“They started closing that hatch,” survivor David Russell recently recalled, “and I decided to get out of there.” At 101 years of age, the former Navy Seaman 1st Class will return to Pearl Harbor today and the interred remains of his comrades on the USS Oklahoma. The eightieth anniversary of “the date that will live in infamy” might be the last significant commemoration that will include veterans who helped pick up a nation and eventually carry it to victory:
Within 12 minutes his battleship would capsize under a barrage of torpedoes. Altogether 429 sailors and Marines from the Oklahoma would perish — the greatest death toll from any ship that day other than the USS Arizona, which lost 1,177.
Russell plans to return to Pearl Harbor on Tuesday for a ceremony in remembrance of the more than 2,300 American troops killed in the Dec. 7, 1941, attack that launched the U.S. into World War II.
About 30 survivors and 100 other veterans from the war are expected to observe a moment of silence at 7:55 a.m., the minute the attack began.
Last year, the COVID-19 pandemic interfered with plans of some survivors to attend the annual commemoration ceremonies. The vaccines narrowly missed that window, but this year travel is less complicated. CBS News reported over the weekend on seven veterans that already landed to Hawaii — men who enlisted after the Japanese bombing of Pearl Harbor:
According to UPI, around 40 Pearl Harbor survivors and 100 other WWII veterans are expected to attend today’s ceremonies, but the commemoration had already begun this weekend:
The U.S. Pacific Fleet Band performs for #WorldWarII veterans at the Pearl Harbor Visitor Center yesterday as part of events honoring their service and sacrifice in conjunction with the 80th Anniversary Pearl Harbor Remembrance. #PearlHarbor80 pic.twitter.com/xV3zGLhrsU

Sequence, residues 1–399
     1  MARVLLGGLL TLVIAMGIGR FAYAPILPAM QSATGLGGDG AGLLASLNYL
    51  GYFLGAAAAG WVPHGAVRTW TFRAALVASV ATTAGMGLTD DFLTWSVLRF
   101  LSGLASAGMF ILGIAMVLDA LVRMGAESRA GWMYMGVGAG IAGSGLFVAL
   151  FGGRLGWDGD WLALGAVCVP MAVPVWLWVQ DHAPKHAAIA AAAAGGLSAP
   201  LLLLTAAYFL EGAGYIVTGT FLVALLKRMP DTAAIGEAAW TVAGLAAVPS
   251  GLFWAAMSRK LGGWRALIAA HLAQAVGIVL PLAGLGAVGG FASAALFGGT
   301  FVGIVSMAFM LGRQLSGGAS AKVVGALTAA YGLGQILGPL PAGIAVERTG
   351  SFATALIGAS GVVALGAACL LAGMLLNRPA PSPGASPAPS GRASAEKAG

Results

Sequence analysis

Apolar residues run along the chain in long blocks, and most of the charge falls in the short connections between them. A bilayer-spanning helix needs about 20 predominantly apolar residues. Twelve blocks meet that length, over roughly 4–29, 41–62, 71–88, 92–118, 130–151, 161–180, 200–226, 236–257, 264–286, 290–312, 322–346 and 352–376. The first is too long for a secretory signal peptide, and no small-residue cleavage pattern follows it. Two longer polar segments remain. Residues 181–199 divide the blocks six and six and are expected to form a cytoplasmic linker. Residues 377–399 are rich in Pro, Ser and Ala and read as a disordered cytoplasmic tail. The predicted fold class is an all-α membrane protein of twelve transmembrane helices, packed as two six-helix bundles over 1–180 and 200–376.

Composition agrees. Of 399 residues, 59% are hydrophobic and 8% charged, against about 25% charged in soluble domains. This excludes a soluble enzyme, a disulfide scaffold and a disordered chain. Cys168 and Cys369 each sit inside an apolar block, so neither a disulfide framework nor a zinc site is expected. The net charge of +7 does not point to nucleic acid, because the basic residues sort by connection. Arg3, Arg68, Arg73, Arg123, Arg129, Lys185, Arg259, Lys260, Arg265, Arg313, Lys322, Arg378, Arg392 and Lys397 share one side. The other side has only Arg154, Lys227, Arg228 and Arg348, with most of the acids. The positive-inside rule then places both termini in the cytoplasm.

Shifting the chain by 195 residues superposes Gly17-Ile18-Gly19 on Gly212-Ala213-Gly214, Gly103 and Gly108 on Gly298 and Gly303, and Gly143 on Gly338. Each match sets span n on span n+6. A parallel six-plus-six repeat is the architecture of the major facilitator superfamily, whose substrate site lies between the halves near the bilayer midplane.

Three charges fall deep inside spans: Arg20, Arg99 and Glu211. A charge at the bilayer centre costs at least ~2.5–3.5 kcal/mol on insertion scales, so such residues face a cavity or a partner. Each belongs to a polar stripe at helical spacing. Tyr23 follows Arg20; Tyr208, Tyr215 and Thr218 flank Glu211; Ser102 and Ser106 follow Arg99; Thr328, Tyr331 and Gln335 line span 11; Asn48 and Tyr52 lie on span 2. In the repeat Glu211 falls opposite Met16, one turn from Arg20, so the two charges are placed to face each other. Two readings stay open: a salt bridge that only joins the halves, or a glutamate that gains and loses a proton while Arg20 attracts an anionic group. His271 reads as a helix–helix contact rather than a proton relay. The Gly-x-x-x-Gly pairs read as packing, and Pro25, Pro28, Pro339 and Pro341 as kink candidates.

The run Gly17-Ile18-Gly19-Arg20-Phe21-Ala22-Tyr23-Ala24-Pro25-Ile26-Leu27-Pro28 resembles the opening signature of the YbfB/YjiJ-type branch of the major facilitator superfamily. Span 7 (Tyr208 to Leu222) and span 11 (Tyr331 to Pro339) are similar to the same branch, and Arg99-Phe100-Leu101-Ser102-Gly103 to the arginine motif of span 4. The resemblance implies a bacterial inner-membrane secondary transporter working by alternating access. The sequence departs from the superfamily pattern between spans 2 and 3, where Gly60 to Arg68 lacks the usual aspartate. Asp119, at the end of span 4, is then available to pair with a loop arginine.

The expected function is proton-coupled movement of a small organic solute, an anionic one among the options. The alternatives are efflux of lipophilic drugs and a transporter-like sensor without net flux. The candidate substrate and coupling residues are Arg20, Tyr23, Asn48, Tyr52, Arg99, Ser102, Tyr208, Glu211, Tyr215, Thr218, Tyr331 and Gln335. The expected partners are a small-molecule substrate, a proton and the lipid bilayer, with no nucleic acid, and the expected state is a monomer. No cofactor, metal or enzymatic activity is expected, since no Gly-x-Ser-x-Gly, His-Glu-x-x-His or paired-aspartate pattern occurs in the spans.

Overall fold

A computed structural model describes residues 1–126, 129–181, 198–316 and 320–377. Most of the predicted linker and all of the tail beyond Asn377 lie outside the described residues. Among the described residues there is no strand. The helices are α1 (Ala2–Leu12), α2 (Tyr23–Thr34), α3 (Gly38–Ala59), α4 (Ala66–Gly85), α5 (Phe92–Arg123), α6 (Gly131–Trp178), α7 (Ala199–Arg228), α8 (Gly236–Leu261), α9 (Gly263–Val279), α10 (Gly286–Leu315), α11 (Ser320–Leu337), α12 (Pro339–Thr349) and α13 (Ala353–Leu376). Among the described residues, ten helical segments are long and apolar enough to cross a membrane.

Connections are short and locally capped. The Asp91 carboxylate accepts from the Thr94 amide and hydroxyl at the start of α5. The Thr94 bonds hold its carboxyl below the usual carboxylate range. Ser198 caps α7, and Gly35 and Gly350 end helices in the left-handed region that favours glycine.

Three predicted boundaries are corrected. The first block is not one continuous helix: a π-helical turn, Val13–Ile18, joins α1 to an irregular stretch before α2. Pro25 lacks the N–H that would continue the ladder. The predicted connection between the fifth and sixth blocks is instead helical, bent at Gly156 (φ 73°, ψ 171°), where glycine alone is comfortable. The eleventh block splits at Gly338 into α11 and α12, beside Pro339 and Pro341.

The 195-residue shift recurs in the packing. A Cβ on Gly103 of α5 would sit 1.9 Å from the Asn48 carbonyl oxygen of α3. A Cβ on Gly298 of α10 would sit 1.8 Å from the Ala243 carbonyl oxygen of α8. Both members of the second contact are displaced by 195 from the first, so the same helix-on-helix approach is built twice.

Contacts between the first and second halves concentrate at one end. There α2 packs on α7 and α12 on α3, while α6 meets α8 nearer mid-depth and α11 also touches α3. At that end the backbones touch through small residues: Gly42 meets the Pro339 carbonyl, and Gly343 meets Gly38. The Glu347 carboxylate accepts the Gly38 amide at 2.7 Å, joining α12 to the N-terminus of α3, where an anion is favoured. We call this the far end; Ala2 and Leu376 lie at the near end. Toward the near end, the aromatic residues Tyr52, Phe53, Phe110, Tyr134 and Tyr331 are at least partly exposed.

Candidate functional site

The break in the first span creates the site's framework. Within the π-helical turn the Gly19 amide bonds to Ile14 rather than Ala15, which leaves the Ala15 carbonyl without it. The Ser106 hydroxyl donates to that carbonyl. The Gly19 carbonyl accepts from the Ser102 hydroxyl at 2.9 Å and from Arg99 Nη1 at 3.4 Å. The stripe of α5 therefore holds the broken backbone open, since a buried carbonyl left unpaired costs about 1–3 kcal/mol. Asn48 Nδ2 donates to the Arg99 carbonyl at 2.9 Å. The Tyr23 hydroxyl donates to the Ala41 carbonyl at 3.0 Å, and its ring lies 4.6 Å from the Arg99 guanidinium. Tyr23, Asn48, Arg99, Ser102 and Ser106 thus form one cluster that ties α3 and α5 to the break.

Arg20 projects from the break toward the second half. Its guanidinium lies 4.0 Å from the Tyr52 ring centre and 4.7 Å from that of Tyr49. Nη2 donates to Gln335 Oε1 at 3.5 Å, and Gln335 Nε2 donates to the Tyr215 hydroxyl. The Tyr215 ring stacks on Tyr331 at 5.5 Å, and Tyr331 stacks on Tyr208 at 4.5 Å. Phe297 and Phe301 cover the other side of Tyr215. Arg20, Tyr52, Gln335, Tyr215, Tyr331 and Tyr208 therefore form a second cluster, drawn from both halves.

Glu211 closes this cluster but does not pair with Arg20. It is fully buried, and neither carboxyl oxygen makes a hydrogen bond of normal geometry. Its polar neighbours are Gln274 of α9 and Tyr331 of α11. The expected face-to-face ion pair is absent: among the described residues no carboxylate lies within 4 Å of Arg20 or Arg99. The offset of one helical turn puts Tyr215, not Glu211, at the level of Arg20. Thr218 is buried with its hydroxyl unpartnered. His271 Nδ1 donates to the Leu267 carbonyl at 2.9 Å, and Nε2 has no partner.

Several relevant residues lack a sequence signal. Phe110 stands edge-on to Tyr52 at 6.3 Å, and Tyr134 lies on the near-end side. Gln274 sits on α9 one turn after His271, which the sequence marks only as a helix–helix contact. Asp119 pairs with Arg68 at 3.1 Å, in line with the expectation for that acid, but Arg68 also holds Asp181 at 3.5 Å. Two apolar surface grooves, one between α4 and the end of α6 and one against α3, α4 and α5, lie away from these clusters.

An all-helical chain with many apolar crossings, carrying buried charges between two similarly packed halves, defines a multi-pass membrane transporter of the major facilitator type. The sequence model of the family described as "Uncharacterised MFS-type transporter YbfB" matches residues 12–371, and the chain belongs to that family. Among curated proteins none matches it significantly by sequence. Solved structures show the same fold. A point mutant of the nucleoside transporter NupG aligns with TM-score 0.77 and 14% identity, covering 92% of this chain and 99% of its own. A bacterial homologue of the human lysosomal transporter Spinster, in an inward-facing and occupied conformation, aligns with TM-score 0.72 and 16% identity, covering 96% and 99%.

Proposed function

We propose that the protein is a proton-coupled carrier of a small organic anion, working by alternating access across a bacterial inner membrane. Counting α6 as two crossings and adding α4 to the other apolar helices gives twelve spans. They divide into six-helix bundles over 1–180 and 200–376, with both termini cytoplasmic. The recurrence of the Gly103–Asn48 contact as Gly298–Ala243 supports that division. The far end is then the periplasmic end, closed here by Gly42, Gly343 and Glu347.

— U.S. Pacific Fleet (@USPacificFleet) December 6, 2021
About 40 Pearl Harbor survivors and 110 World War II veterans will attend the 80th Remembrance Ceremony at Kilo Pier in Honolulu to commemorate the loss of 2,400 service members and civilians during the surprise Japanese attack on the island of Oahu on Dec. 7, 1941.
“This year’s ceremony — ‘Valor, Sacrifice, and Peace’ — honors the sacrifices of those who died in the attack while paying tribute to the allies’ ultimate victory in WWII,” the National Parks Service said in a statement. …
“Dec. 7 was a catalyst that led to a changed world,” Pacific Historic Parks said in a statement. “The 80th Commemoration will tell the story of the multi-pronged attack across the Pacific and in particular the attack on Pearl Harbor.
“The goal of the commemoration is to ensure that future generations will understand the valor and legacy of those who perished and those who fought throughout the war. The commemoration also highlights the importance of the peace that brought reconciliation, a reconciliation that continues to move forward today in creating a better future for all.”
The perspective on the Pacific war’s beginning should be fascinating. The US focus on Pearl Harbor at the time and afterward was understandable and strategic, but the Empire of Japan’s audacity went far beyond Hawaii. Their navy swept across the Pacific to launch nearly simultaneous attacks on Guam, the Philippines, Wake Island, Malaya, Singapore, and Hong Kong — all within a seven-hour period. Japan intended to knock both the US and UK out of the Pacific entirely and win at least a few years’ respite from potential counter-attacks. That strategic failure was based on a serious lack of insight into the moral character of the West, likely due to the intoxicating effects of Japan’s bushido nationalism.
But when we talk about “the moral character of the West,” we’re really talking the moral character of the men and women who risked their lives to defend our nation. We are talking about Seaman 1st Class David Russell, and all those who followed him into the fight. Eighty years later, we have all the lessons of history and all of the secrets of all sides in the fight. All that remains are the men and women who risked their lives — and gave their lives — in service to our country as it was and as it could be. We owe them that recognition, and we owe them our own efforts to make this country into one worthy of those great sacrifices.